Successful entrepreneur Jonathan Cole discusses exiting a business

Successful entrepreneur Jonathan Cole discusses exiting a business

11th May 2016 by Simon Hiscox

With over 35 years of experience as an entrepreneur and having exited a number of businesses, Jonathan Cole has a huge amount of expertise with creating, growing and selling companies. He is currently the managing director of Velorution, a premium cycling retailer who are looking to expand its stores across London and the South East.  Velorution has embarked on its first equity crowdfunding round on Seedrs. We sat down with Jonathan to talk more about his success and views on exiting a business.

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With most business exits taking years to come to fruition, it’s important that entrepreneurs stay focused on getting their startup off the ground and scaling before shifting focus to whether a trade sale or IPO might be the best route for them in the long term. Although it might seem a long way off, Jonathan states that it is vital to plan ahead – “it’s really important to have an exit strategy right from the beginning, otherwise there’s a danger that the business will drift, whether the exit has taken place 3 years after starting up or 23 years after, I’ve always had an idea of how the exit would take place.”

With businesses such as Uber initially focussing on revenue over profit, other startups could be tempted to follow this trend. However, Jonathan operates in a different way, “I’m quite old school in the sense that I like to make a profit as soon as possible. I then reinvest those funds in the business to achieve strong growth, which has worked very well for me in my years as an entrepreneur.”

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Attracting and preparing for an exit can be a stressful time, Jonathan’s advice for entrepreneurs is to “ensure the numbers add up, ensure you hit your targets and build a compelling offering which a potential buyer would want to buy, but would be unable to replicate.” – which is sage advice considering that many large businesses could be more inclined to create a replica, as opposed to acquiring a competitor Depending on the industry.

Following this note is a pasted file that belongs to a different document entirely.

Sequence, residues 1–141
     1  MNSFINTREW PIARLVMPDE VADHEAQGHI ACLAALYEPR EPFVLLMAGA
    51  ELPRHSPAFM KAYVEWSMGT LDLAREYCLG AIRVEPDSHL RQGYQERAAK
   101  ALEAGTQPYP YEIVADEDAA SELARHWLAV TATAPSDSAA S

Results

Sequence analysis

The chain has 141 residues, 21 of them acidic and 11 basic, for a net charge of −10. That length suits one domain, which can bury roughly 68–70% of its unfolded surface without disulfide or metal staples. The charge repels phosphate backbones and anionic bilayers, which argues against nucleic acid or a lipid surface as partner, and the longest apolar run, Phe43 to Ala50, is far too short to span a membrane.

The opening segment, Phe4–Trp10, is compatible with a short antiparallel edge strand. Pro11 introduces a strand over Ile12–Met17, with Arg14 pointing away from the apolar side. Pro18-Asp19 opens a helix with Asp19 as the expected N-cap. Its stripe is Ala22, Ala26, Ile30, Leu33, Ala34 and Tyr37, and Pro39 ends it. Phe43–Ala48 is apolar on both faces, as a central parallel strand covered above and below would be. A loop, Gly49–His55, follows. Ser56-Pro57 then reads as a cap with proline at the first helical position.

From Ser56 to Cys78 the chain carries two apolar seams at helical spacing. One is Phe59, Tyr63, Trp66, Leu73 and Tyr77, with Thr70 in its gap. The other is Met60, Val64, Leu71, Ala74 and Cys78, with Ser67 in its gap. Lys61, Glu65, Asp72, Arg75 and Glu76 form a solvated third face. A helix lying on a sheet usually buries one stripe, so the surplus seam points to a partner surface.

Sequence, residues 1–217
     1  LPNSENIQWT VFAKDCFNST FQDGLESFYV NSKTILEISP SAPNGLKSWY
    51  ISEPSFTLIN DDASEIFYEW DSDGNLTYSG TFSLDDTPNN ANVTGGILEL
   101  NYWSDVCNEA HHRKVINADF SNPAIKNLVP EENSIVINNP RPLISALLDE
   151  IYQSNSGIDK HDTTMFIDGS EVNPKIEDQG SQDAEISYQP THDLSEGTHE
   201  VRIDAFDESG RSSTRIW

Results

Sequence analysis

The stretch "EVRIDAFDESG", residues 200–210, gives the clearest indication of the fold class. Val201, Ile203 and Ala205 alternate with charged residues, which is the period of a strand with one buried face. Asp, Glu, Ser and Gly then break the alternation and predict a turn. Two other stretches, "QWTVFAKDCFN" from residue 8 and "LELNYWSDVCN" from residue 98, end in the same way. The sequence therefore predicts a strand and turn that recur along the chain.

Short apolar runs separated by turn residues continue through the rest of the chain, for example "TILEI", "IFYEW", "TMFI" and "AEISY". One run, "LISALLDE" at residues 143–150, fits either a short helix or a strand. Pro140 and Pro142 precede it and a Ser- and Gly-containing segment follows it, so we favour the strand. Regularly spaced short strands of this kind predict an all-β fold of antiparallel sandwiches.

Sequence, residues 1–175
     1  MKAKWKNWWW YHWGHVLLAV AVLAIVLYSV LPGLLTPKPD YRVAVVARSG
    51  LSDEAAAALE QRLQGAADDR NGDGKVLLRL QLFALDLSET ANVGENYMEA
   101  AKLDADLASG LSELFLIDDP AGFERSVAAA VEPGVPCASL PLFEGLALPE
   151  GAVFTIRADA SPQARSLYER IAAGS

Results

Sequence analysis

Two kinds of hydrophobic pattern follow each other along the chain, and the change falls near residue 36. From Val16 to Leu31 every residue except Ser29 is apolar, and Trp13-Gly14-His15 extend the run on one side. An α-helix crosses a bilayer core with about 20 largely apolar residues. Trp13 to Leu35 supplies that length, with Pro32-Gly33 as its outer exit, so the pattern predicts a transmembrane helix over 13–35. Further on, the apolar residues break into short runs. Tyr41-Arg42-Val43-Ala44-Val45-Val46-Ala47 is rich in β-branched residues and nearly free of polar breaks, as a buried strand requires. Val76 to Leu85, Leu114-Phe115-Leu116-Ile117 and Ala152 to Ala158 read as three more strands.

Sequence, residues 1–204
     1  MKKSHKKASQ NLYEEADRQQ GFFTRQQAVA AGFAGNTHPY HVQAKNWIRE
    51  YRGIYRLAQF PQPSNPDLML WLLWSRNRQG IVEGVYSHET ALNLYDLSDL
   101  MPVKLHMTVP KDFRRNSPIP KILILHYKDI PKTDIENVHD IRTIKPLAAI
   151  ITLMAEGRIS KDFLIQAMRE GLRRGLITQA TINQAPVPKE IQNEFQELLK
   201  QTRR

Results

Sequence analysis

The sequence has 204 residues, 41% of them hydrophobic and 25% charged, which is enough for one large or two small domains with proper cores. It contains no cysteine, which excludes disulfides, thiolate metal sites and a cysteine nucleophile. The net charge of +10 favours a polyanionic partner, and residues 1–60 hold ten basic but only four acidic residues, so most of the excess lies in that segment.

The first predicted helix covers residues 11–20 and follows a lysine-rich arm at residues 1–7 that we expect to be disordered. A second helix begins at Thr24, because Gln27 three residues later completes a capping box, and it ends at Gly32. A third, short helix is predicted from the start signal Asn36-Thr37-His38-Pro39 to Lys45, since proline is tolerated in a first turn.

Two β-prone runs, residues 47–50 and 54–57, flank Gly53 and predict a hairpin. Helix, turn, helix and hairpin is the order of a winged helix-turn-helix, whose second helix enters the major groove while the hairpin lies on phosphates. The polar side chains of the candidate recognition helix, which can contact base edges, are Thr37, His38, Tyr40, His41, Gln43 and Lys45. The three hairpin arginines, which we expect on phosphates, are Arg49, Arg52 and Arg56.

A few examples:

1)   Merger and Acquisition (M&A)

A business may decide to buy its competitor to ensure they control the majority of the market. Alternatively, if one organisation is looking to move into another market, they may buy their way in, one recent example of this being Facebook acquiring virtual reality headset producer Oculus Rift.

2)   IPO

An IPO (initial public offering) is the first sale of shares by a private company to the public, generally in order to raise capital to help them grow. One of the most famous IPOs in recent time was Google, whose issue price was $85 a share, closing at $100.34 a share on the first day’s trading.

3)   Trade sale

When a business is sold to a trade buyer, it will usually include the shares, assets and liabilities within that business. The business will usually transition ownership over a period of agreed time by both parties.

4)    Dividends

Not technically an exit. However, if a business isn’t ready to exit they can still distribute dividends periodically to their investors. Offering incremental income to their investment. These dividends will be distributed according to how many shares the individual investor’s own.


Finding an exit route for a business can often seem like a huge challenge. Jonathan’s best piece of advice for entrepreneurs is to “build a company which has real value then find the right buyer. Finding a buyer can often feel like waiting for lightning to strike, but it does. It’s happened to me four or five times, so hang in there!”

For more information on Jonathan’s latest venture, Velorution, you can view their campaign here.

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Simon Hiscox

Marketing Director

Digital Agency Kent